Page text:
Subsequently, the qualification and training of partners becomes important. Here, ‘pain points’ become apparent in the form of a lack of knowledge and skills among the sales partners as well as an unsystematic transfer of know-how. To optimise this process, a careful analysis of the division of tasks between exporter and distribution partner and a determination of training needs is necessary. E-learning platforms, augmented reality and virtual reality are examples of IT applications that can systematise the transfer of knowledge and thus facilitate the qualification of partners. Through these applications, partners can specifically deepen their knowledge of the exporter’s products, its sales strategies and market trends. In addition, augmented reality and virtual reality can be used to create realistic simulations of sales scenarios. Partners could thus gain hands-on experience and improve their sales skills without any direct impact on the actual business. Such technologies enable efficient and repeatable training that prepares the sales partner’s employees for successful cooperation and systematises the transfer of knowledge

The next step is to motivate the channel partners. A common stumbling block in this area is the insufficient proactive selling of partners because they usually represent the products of several suppliers. To optimise this, it is advisable to define clear objectives and plan targeted motivation measures. Here, IT applications such as e-commerce platforms and portals can promote motivation through suitable incentives and support the involvement of partners in the supplier’s sales process. An example of such an incentive is access to a broader customer base: by using e-commerce platforms and portals, distribution partners can gain access to a larger customer base. This can increase their sales opportunities and boost their motivation, as they have the potential to expand their reach and enter new markets. E-commerce also enables better transparency in the distribution process. Distributors gain access to real-time data on their sales figures, inventory levels and customer behaviour. This transparency enables them to monitor their performance and optimise it in a targeted manner. Another incentive is efficient order processing: the use of e-commerce platforms simplifies order processing and logistics processes. This means that distributors can work more efficiently and spend less time on administrative tasks. This allows them to focus more on sales and customer service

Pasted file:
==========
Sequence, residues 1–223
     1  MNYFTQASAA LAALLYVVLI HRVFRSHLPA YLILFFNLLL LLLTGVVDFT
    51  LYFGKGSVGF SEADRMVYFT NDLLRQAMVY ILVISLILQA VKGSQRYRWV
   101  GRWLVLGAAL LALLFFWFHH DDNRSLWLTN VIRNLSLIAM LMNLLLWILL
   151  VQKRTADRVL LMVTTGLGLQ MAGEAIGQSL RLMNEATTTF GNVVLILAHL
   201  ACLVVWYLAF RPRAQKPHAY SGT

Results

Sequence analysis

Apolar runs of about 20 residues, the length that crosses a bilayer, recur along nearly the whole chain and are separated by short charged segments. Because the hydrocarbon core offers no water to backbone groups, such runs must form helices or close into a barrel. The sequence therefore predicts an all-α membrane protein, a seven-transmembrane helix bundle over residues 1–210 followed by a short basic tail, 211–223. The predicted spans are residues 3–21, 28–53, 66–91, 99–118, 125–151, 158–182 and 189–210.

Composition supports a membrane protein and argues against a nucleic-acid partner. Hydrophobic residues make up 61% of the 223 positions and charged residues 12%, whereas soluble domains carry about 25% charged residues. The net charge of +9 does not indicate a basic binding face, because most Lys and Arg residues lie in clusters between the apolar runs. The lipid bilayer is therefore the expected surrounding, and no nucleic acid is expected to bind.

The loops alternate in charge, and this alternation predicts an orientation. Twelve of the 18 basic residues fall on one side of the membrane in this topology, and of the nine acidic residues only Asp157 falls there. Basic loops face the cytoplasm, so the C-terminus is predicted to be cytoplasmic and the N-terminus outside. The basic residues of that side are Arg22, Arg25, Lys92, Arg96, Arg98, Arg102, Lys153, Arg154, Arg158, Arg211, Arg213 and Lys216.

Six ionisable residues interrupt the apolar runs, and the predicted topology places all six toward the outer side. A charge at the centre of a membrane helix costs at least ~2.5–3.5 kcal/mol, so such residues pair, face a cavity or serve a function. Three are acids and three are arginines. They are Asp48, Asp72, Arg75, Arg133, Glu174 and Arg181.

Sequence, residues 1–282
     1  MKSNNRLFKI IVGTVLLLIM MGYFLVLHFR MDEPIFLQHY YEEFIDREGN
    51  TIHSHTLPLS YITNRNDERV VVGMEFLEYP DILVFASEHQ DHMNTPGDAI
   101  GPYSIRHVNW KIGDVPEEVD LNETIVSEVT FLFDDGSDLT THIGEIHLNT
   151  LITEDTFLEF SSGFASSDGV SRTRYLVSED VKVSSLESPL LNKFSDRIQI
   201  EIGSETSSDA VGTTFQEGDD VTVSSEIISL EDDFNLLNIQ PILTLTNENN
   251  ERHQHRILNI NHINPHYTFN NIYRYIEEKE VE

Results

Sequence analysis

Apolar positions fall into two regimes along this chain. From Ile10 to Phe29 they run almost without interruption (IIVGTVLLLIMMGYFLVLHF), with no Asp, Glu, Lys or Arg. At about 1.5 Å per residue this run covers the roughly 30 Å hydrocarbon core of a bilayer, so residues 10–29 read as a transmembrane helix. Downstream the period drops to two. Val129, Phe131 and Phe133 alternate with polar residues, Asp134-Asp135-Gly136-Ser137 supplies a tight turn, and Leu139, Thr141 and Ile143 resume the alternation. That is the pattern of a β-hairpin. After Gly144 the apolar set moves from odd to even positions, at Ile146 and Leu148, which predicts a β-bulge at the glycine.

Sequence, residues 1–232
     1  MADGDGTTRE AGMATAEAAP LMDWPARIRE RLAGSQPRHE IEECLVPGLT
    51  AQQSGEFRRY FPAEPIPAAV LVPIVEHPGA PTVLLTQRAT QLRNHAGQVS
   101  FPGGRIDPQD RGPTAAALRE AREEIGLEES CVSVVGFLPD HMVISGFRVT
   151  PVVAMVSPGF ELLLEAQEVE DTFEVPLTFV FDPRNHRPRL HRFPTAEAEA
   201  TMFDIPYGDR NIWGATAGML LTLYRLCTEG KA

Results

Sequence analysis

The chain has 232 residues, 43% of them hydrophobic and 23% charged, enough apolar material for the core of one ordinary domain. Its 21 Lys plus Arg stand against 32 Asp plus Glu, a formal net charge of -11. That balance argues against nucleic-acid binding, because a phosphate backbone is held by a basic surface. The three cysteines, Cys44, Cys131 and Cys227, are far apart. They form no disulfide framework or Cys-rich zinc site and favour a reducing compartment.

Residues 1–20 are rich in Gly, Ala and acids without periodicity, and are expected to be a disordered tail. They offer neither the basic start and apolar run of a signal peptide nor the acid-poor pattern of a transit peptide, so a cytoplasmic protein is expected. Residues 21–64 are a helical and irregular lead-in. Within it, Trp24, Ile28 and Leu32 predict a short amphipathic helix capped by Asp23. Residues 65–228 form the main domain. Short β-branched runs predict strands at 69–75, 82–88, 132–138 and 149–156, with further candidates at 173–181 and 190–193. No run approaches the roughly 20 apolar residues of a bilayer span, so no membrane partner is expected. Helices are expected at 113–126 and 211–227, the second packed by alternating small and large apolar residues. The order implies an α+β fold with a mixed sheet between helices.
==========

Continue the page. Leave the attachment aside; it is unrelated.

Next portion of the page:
Finally, partner evaluation is an essential part of managing international distribution partnerships. Companies face the challenge of setting appropriate evaluation criteria and measuring the success of the partnership. By structuring and simplifying evaluation processes and criteria, IT applications such as an online NPS (Net Promoter Score) can help companies to effectively evaluate their partnerships and adjust them if necessary. It is important in this last step that it is a mutual evaluation and not solely the manufacturer in Switzerland evaluating its distribution partners abroad


By carefully optimising these four sub-processes with the support of digital applications, companies can significantly increase efficiency and effectiveness in managing their international distribution partners. The Innosuisse project demonstrates how the use of modern technologies and a strategic approach can significantly improve the cooperation between exporters and their international distribution partners, leading to higher customer satisfaction and ultimately to successful international business

More information

Research Group International Management

Institute of Marketing and Global Management at BFH Wirtschaft

Swiss Institute for Entrepreneurship at the UAS Graubünden

Creative Commons Licence

AUTHOR: Paul Ammann

Paul Ammann heads the International Management research group at BFH-TI. He researches and publishes in the field of exporting industrial c

AUTHOR: Ralph Lehmann

Ralph Lehmann is Professor of International Business at the University of Applied Sciences Graubünden. His research and teaching focus on the internationalisation of small and medium-sized enterprises.

AUTHOR: Anna Knutti

Anna Knutti is a lecturer at the Department of Economics at Bern University of Applied Sciences. She leads various study programmes in continuing education and teaches the subjects Marketing and Consumer Behaviour.

AUTHOR: Shauna Künzi

Shauna Künzi is a research associate at the University of Applied Sciences Graubünden. In her research and teaching she deals with questions of innovation and internationalisation.